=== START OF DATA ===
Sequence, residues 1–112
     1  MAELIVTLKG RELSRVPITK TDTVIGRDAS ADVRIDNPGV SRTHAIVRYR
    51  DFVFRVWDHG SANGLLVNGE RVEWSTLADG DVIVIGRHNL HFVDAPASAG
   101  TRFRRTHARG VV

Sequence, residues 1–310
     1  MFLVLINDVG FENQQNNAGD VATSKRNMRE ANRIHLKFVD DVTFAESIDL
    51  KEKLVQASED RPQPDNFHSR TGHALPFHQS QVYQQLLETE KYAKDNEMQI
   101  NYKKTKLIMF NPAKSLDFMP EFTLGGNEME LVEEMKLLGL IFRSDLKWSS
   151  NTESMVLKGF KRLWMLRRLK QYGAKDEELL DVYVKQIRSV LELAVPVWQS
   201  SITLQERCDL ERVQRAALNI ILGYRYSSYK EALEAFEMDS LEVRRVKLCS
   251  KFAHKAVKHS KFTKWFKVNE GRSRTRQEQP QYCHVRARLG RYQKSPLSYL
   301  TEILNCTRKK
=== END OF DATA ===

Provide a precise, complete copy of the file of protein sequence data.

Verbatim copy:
Sequence, residues 1–112
     1  MAELIVTLKG RELSRVPITK TDTVIGRDAS ADVRIDNPGV SRTHAIVRYR
    51  DFVFRVWDHG SANGLLVNGE RVEWSTLADG DVIVIGRHNL HFVDAPASAG
   101  TRFRRTHARG VV

Sequence, residues 1–310
     1  MFLVLINDVG FENQQNNAGD VATSKRNMRE ANRIHLKFVD DVTFAESIDL
    51  KEKLVQASED RPQPDNFHSR TGHALPFHQS QVYQQLLETE KYAKDNEMQI
   101  NYKKTKLIMF NPAKSLDFMP EFTLGGNEME LVEEMKLLGL IFRSDLKWSS
   151  NTESMVLKGF KRLWMLRRLK QYGAKDEELL DVYVKQIRSV LELAVPVWQS
   201  SITLQERCDL ERVQRAALNI ILGYRYSSYK EALEAFEMDS LEVRRVKLCS
   251  KFAHKAVKHS KFTKWFKVNE GRSRTRQEQP QYCHVRARLG RYQKSPLSYL
   301  TEILNCTRKK